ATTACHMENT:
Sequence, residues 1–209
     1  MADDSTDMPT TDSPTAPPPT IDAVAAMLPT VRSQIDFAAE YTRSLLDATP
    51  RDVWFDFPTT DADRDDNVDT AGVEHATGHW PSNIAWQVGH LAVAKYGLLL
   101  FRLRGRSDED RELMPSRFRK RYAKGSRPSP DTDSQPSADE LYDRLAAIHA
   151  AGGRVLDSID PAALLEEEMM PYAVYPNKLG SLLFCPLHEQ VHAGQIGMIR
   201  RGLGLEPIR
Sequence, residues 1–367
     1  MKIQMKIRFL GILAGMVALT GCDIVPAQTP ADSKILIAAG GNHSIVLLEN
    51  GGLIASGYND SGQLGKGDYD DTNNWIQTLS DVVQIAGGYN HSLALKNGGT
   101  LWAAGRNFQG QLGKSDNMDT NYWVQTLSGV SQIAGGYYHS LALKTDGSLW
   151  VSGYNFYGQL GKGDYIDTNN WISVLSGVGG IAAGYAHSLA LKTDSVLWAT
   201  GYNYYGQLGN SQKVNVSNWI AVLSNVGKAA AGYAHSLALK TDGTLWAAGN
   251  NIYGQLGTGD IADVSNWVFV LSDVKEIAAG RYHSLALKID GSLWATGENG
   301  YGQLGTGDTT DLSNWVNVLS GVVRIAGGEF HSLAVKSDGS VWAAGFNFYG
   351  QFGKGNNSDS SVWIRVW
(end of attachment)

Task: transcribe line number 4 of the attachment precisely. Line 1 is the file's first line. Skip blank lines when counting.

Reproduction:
   101  FRLRGRSDED RELMPSRFRK RYAKGSRPSP DTDSQPSADE LYDRLAAIHA